Favorite football memory at Arizona Western: “There were a lot of good games, but I’d say most of all the guys on the team and how different it was to have a lot of guys who came from different backgrounds and troubled backgrounds, and being able to relate to those guys. I felt like we could all help each other. I still stay connected with them, so it’s more off-field relationships I built.”
Earning a scholarship at Wyoming: “It was Wyoming, New Mexico State and Troy. It was actually kind of a toss-up, because Wyoming had just changed its coaching staff to Coach [Craig] Bohl while I was committing there. I wasn’t sure if Coach Bohl was going to offer me, so it was craziness there for a little while, and Cody got the Arkansas offer, but he also had a Wyoming offer. He ended up committing to Arkansas, and I went home that Christmas and was like, ‘I don’t know if I’m going to be coming back to juco for another year or driving out to Wyoming.’ Coach Bohl ended up offering me again, and that was a relief.”
Top football memories at Wyoming: “One of them was the Boise State game, because they were ranked 13th when we beat them my senior year. Then just being able to play in the Mountain West [Conference] championship game; we didn’t bring it home, but that was just an awesome experience, and the amount of support we had from the fans there was just awesome. It’s an awesome community.”
Expectations of a football future in the NFL: "I had been asking a lot of guys who had been through it and played at Wyoming. I lucked out getting a good agent [Kyle Strongin] and then ended up traveling over to Arkansas to train. I had a good feeling I might get drafted, but you never know. So going into it, I didn’t want to have any expectations. But in the back of my head, as I was training, I knew it was really about how once you get somewhere, it’s how you'd play.”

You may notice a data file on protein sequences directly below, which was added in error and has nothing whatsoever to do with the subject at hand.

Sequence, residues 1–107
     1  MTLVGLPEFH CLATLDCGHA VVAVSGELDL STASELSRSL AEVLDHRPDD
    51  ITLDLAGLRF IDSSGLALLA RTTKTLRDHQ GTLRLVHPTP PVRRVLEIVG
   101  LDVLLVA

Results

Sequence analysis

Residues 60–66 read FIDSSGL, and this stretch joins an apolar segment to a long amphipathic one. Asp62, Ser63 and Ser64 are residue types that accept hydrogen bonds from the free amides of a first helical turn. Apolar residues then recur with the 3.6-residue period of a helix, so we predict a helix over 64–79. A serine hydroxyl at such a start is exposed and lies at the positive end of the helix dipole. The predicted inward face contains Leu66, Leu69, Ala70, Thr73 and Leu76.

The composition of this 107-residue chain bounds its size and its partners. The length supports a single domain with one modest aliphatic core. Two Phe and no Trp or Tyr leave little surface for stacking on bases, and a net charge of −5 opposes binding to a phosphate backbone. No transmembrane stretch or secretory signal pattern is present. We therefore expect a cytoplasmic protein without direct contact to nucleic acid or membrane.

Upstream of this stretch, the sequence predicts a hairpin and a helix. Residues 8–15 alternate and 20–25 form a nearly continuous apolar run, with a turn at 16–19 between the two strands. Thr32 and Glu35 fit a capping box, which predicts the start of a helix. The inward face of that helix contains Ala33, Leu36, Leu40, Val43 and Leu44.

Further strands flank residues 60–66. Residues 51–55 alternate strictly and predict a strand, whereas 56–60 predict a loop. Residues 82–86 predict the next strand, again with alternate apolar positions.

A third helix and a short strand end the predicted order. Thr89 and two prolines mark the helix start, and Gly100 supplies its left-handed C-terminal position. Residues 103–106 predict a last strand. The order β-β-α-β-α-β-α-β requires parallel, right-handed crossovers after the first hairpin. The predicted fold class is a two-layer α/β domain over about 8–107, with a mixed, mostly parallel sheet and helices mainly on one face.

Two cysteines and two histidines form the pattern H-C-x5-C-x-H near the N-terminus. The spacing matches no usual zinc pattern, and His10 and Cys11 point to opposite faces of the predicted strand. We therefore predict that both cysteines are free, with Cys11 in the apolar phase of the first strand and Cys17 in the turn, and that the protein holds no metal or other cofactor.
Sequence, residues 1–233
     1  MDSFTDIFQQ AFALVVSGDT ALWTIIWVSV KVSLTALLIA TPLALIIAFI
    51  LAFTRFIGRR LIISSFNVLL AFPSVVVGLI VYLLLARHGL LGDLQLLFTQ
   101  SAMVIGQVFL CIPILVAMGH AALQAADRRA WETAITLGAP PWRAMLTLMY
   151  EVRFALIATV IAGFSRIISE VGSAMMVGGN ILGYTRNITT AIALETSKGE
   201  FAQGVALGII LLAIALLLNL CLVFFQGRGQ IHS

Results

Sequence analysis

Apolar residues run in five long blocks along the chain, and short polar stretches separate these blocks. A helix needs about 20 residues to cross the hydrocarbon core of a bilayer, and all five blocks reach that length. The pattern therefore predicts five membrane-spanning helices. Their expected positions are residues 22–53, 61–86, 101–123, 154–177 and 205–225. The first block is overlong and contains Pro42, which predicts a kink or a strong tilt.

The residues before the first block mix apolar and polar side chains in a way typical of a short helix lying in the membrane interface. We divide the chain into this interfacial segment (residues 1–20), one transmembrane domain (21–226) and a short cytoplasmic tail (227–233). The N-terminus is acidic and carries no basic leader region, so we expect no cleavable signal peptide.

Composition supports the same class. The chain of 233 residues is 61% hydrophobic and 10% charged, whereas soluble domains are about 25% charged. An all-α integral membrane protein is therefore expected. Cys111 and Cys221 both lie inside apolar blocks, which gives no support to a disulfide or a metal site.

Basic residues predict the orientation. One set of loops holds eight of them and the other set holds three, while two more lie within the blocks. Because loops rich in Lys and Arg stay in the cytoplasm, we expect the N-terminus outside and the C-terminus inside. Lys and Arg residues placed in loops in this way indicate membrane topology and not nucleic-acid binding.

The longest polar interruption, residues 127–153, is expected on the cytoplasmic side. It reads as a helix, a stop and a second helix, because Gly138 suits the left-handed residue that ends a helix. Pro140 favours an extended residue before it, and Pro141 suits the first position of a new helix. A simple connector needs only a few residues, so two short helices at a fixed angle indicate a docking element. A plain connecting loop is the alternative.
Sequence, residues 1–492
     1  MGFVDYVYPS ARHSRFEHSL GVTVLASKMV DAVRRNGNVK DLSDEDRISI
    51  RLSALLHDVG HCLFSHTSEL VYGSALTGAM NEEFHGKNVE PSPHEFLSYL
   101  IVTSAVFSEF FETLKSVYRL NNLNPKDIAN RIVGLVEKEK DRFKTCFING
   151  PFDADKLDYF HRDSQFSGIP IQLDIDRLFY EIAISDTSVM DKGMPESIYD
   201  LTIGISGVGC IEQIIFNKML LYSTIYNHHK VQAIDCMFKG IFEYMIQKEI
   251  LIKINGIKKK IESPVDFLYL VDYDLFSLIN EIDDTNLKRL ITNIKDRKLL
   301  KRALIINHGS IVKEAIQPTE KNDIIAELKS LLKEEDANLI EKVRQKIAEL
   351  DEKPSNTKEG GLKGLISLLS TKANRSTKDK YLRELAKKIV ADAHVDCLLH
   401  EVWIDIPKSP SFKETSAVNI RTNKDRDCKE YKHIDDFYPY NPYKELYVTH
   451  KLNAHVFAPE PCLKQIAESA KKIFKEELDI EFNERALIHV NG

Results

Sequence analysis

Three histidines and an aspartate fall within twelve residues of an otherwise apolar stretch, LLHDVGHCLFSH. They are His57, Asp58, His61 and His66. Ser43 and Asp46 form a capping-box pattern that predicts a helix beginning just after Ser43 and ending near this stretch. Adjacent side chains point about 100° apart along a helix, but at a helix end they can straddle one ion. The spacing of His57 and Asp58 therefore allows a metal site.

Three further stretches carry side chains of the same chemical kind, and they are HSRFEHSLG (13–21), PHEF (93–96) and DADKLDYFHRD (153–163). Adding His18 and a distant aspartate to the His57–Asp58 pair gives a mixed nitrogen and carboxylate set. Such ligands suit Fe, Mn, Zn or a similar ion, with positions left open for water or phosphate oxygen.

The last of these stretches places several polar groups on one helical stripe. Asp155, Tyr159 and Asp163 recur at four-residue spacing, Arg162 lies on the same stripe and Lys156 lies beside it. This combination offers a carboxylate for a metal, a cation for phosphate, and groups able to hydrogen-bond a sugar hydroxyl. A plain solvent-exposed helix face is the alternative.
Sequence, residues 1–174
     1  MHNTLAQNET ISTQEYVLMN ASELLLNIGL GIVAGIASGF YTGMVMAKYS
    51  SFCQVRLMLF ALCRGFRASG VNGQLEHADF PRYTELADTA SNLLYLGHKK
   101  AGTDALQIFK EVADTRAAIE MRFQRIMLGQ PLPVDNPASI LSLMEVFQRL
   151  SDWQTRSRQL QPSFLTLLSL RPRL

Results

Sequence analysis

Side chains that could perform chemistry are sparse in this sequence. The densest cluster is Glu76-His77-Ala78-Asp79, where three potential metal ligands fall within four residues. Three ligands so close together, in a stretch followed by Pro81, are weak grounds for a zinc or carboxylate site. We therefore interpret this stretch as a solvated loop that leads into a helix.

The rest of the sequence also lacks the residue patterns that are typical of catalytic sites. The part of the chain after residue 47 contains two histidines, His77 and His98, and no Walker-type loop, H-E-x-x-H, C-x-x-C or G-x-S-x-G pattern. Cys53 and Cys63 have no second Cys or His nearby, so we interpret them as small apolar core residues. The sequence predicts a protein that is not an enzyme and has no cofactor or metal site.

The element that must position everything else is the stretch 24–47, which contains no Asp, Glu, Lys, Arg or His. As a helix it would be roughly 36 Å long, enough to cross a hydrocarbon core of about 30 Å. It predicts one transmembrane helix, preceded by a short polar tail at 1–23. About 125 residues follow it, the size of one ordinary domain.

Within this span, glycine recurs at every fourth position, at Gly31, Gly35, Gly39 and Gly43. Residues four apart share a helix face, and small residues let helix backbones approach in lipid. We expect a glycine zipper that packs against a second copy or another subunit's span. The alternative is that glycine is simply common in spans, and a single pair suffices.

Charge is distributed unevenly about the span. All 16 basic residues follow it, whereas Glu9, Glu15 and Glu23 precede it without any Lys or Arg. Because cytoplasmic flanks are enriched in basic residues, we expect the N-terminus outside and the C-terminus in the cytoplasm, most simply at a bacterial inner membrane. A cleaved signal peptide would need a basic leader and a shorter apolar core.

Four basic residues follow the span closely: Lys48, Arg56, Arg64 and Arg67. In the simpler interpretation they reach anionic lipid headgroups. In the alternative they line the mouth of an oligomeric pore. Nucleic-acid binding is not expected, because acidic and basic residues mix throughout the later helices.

Signing with the Patriots as an undrafted free agent, along with Cody: “Awesome. I don’t think you could ask for a better place, a better organization to work for. The guys in the locker room are just awesome guys. Every single guy is a stand-up guy who you would introduce to your family and hang out with them. A really good culture.”
What he loves about football: “How it brings guys from different backgrounds together. It’s unbelievable. You might see it in some work environments, but to have so many guys who come from different backgrounds and still being able to relate. One thing I think you’ll find at this level, with guys who have made it this far, everyone has probably gone through some type of adversity that keeps them going. I think it’s really cool when you can all come together and relate on a level like that.”
Summing up his football journey: “It’s just been a blessing. I think if you look at how I got here, it doesn’t make sense. From walking on at Nevada, then going the juco path, and then some little bumps I’ve gone through. God has blessed me in a lot of ways. One thing Cody and I talk about is how once you get to this point you realize it’s so much more about not quitting than it is about anything else. Because there have been so many times when you just have to realize, ‘There’s a light at the end of the tunnel, but it’s going to be a grind here, and you just have to keep going through it and working together and make it happen.’”